Archive for the ‘Food and wine pairing’ Category

“Why Can’t I Drink Wine Like I Used To?”

I’ve heard this question literally hundreds of times. I’ve even asked it myself.

There are many variations, such as “I seem to get drunk on less,” or “In the morning I can’t remember the night before.” Rest assured that if you’ve had anything like these experiences, you are not alone.

So why does it happen, and more important, what can we do about it?

The science behind this phenomenon is all too simple: as we age (yes, sadly it’s all about aging) our systems, our organs, and every cell in our body start to slow down. According to nutritionist Tina Nunziato CHNC of Dr. Liz Cruz Partners in Digestive Healthour organs don’t process things as quickly or as completely as they used to. Our liver, for example, may not fully metabolize all the alcohol in the wine we consumed last night. The next day, we may feel slightly fuzzy-headed, nauseous, or headache-y.

To compound the problem, our gut and colon don’t eliminate all the toxins the way they used to, so over time we experience a build-up of toxicity throughout our body. It’s no wonder that we “Can’t drink like we used to.”

The picture, however, needn’t be so bleak. We can change our habits so that we can imbibe and enjoy.

We need to understand, first, that ill effects will increase with the amount of alcohol ingested, and all wines are not created equal when it comes to alcohol content. Red wines from warm climate regions, such as Australia and many parts of California, may have an alcohol content as high as 15.5 percent (think Shiraz, Zinfandel, Petite Sirah, and many Red Blends). A cool climate white or red, on the other hand, such as one from northern France or northern Italy, might weigh in at only 12.5 or 13 percent (such as Sancerre or Chianti). Your body feels the difference, and you may find that simply switching to lower alcohol wines will resolve your issues.

Hydration is also a significant part of the solution. Drinking lots of water alongside your wine dilutes the alcohol, so make sure there’s a glass of water beside your glass of wine, and that you drink both throughout the evening.

Book-ending your wine consumption with lots of water will also help your system perform better. Drink one or two eight-ounce glasses before you start drinking wine, and do the same before bed and first thing in the morning.

Finally, “go European.” Many visitors to Europe say they can drink wine all day and never feel drunk, and that’s partly due to the generally lower alcohol content of European wines. But more important, in Europe they use wine as a meal-time beverage, not a cocktail. If you have a glass in one hand, you should have a fork in the other. When you enjoy wine alongside food, whether it’s a light appetizer of almonds and cheese, or
a full-blown five-course meal, your body will process the alcohol much more efficiently.

It’s as simple as that. You can still enjoy the pleasure of a glass of wine (or two), as long as you adjust and adapt to your new, more mature reality. I know I will. Cheers!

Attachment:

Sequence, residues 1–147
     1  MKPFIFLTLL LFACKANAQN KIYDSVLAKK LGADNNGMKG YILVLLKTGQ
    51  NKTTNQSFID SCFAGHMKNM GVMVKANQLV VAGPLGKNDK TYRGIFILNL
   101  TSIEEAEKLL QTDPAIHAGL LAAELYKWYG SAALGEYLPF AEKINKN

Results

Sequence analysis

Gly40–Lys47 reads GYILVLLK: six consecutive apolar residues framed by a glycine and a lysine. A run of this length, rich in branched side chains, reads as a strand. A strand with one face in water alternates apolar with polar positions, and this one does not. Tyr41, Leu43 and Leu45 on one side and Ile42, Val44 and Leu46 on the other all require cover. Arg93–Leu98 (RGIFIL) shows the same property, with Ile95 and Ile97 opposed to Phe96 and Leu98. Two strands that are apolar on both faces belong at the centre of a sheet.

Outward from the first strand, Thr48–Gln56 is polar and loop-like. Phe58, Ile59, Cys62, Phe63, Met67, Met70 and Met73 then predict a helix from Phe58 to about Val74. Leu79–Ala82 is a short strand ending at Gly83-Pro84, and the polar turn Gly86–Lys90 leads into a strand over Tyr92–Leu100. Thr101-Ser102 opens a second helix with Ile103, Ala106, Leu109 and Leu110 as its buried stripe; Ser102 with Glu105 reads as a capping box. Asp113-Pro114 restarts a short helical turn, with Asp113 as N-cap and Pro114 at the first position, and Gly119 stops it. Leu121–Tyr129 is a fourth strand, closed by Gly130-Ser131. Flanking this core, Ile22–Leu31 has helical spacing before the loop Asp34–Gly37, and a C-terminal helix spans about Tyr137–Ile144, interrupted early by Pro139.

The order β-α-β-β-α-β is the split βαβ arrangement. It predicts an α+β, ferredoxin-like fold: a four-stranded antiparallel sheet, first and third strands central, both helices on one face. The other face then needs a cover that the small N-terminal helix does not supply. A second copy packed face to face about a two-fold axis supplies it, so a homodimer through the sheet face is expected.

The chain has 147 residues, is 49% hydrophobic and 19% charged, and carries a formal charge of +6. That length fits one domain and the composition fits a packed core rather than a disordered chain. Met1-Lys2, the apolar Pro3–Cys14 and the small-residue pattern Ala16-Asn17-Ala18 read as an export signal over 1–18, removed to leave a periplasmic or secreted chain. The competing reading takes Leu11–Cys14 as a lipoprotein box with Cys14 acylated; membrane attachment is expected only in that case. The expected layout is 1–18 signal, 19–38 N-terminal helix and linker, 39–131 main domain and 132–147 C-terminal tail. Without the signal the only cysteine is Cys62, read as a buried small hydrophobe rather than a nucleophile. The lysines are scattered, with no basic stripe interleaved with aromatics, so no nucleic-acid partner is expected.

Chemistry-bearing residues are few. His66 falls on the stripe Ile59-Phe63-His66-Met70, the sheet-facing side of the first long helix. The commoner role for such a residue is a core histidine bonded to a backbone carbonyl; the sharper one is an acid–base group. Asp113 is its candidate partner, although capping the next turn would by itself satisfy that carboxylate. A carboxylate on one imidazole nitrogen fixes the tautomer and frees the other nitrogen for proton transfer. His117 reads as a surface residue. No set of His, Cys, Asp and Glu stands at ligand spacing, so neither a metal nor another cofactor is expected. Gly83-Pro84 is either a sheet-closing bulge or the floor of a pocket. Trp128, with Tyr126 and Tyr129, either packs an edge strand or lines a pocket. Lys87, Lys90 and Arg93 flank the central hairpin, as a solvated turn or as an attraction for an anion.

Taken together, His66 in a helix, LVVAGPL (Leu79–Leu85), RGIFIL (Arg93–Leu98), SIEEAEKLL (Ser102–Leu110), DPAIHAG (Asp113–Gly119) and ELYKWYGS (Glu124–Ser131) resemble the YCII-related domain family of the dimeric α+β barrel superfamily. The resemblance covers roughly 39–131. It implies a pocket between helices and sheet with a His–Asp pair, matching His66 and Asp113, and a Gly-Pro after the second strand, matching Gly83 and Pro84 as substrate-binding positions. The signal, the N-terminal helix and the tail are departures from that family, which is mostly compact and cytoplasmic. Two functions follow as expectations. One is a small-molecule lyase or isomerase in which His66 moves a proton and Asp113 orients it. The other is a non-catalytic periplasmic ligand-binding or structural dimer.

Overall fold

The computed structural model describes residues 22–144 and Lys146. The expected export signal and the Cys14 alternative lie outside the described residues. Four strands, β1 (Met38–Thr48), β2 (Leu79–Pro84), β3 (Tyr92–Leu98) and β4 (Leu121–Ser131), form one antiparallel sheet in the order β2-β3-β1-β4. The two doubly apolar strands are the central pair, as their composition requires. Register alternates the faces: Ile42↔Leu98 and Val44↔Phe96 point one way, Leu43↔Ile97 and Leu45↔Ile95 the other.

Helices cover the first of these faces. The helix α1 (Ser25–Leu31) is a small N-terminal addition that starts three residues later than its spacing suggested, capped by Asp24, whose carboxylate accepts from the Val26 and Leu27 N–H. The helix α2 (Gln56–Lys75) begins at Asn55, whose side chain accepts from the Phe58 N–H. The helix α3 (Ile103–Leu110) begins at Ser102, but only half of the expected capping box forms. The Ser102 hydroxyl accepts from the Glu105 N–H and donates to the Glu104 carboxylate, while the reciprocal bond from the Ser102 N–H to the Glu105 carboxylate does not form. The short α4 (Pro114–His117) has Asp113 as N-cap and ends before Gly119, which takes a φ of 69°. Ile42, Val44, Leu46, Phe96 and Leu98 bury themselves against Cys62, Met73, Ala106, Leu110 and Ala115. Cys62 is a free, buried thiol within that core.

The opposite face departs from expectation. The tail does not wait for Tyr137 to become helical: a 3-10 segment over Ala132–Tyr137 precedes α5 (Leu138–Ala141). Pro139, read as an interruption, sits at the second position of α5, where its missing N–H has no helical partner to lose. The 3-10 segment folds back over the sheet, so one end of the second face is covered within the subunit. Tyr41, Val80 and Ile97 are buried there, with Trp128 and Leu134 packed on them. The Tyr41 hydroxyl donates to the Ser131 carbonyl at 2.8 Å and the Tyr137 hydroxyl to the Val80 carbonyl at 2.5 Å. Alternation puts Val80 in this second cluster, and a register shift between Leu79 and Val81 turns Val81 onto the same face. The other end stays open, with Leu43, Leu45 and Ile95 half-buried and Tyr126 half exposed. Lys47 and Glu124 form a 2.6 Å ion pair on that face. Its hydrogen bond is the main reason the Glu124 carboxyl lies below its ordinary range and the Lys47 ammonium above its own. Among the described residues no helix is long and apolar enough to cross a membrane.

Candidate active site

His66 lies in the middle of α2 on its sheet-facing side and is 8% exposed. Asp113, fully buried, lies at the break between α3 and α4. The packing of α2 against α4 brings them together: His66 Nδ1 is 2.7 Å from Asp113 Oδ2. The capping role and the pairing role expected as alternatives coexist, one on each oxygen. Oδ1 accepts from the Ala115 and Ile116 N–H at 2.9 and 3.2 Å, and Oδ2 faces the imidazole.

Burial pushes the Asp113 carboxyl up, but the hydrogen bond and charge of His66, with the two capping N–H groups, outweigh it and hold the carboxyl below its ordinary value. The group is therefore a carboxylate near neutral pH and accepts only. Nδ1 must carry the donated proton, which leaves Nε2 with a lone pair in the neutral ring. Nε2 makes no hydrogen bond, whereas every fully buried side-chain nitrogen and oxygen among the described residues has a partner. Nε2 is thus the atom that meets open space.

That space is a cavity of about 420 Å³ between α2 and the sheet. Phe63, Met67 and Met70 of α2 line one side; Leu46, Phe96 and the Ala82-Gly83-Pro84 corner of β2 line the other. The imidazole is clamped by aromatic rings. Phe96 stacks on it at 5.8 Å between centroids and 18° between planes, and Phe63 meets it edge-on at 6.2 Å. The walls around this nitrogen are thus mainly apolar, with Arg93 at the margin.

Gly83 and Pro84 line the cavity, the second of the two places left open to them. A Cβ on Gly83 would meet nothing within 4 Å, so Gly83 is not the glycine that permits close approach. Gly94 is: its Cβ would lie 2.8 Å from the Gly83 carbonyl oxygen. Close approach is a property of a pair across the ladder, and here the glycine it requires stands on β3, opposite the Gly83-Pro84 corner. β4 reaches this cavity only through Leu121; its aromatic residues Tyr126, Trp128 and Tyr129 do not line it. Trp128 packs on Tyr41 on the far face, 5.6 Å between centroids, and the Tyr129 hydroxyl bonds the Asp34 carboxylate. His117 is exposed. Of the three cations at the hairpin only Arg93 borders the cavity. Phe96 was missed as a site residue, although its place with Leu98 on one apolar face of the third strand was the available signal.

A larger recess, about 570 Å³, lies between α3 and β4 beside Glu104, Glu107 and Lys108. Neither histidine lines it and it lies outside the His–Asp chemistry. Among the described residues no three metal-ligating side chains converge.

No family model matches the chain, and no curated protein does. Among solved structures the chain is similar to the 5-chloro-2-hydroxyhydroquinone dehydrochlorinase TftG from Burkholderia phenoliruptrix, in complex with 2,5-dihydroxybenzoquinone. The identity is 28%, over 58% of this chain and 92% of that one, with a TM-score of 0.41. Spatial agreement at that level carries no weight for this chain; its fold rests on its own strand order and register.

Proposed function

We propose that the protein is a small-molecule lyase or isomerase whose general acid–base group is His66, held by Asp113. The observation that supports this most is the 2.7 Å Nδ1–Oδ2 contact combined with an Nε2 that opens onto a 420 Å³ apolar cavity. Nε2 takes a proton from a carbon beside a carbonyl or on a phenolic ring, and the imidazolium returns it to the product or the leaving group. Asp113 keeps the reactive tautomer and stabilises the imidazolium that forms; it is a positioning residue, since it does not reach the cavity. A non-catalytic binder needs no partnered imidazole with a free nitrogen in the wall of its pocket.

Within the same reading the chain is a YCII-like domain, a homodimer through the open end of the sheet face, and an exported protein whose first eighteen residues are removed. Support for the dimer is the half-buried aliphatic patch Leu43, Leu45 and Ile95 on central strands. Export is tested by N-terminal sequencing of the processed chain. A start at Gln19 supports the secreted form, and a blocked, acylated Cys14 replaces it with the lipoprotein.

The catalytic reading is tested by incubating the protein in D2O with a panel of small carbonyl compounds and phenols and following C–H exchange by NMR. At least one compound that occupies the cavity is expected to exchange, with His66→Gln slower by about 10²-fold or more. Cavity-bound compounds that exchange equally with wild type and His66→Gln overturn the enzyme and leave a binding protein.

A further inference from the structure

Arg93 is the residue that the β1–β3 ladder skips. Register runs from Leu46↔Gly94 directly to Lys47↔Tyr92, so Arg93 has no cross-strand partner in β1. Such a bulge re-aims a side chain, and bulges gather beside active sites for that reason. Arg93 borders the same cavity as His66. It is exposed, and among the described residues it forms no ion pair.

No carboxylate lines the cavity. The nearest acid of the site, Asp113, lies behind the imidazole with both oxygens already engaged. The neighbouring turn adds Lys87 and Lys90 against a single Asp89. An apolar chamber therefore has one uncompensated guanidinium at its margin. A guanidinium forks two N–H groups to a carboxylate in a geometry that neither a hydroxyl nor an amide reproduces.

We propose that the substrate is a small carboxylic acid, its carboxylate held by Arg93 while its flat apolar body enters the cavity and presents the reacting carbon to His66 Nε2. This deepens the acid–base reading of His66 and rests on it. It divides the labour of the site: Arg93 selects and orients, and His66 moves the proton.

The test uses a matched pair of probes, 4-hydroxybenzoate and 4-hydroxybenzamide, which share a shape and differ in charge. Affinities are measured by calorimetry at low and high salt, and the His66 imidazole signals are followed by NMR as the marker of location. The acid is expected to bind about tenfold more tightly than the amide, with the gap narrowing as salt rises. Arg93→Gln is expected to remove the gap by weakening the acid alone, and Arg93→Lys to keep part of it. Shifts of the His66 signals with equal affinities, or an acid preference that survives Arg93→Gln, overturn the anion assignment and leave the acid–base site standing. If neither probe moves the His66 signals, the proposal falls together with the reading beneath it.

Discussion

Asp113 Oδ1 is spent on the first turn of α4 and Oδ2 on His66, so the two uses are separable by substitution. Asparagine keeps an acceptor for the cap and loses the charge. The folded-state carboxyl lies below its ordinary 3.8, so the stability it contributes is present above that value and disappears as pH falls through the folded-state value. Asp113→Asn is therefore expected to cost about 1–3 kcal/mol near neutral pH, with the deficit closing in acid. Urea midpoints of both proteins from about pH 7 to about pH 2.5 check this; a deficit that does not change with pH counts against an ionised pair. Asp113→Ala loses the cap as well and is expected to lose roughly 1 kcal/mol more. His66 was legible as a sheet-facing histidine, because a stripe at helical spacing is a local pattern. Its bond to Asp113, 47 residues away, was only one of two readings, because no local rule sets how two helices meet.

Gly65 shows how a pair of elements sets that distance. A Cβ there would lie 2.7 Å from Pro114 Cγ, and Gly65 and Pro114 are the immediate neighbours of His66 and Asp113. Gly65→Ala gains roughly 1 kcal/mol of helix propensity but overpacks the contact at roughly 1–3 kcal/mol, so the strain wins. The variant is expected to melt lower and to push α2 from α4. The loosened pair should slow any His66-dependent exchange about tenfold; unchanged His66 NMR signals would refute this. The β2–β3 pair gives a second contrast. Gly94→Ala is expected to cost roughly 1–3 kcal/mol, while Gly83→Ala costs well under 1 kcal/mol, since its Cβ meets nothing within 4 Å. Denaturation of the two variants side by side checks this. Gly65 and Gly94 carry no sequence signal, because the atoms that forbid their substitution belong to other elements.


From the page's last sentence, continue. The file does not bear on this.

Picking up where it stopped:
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What Winos Sip with Sushi

Thought you couldn’t find a wine that tastes great with Sushi? Think again! Even though wine is a decidedly Western tradition, the right selection can create a knock-out combination with Eastern food. Try experimenting with one of these great wine choices the next time you order up some Sashimi or your favorite Sushi Roll.


The flavors on a Sushi menu run the gamut from light and buttery to pungent and earthy, but you can enhance almost any dish with a crisp, fresh white wine. The only white to steer clear of is Sauvignon Blanc — the strong grapefruit or cat pee notes (yes, cat pee!) are too much for delicate fish. But you can’t go wrong with un-oaked whites and (believe it or not) a few light reds.

You will never be disappointed with a Sparkling wine such as Cava, Prosecco or Cremant de Alsace. The tangy, tingly bubbles are a great counterpoint to Sake (Salmon) and a lot of fun with a California Roll.

Whites from cool climates such as Alsace, Austria and Germany have great acidity and minerality, which balance the richness of more strongly flavored seafood. Look for a Pinot Gris, Dry Riesling or Gruner Veltliner (this wine is relatively new to U.S. wine drinkers, but is well worth seeking out as an alternative to Sauvignon Blanc). Any of these are a killer combo with Hamachi (Yellowtail Tuna).

Go for a Gewurtraminer with spicier dishes such as Spicy Tuna. You’ll love how the stone fruit and spice in the wine work with the heat of the roll, and it even stands up to Wasabi!


And for all you red wine lovers, yes, you can sip red with your Sushi, especially with stronger, more pungent dishes such as Maguro (Big Eye Tuna) or Unagi (eel). Stay away from the heavy, tannic reds such as Cabernet Sauvignon (which bring out the metallic “fishiness” in fish), and go for a lighter, fruitier red. Think French Beaujolais or California Pinot Noir; the wine’s berry notes and hint of earthiness will bring out the best in the seafood.